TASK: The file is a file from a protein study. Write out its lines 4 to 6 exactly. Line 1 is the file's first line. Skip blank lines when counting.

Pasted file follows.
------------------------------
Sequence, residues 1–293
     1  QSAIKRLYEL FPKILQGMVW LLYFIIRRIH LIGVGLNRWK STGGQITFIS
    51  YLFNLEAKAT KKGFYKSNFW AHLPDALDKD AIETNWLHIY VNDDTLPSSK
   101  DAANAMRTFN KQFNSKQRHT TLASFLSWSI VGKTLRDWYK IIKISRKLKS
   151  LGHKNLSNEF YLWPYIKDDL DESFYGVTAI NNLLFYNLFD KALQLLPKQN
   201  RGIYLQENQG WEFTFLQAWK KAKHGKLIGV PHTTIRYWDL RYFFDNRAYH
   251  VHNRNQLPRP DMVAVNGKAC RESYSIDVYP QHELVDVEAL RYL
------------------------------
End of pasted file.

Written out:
   101  DAANAMRTFN KQFNSKQRHT TLASFLSWSI VGKTLRDWYK IIKISRKLKS
   151  LGHKNLSNEF YLWPYIKDDL DESFYGVTAI NNLLFYNLFD KALQLLPKQN
   201  RGIYLQENQG WEFTFLQAWK KAKHGKLIGV PHTTIRYWDL RYFFDNRAYH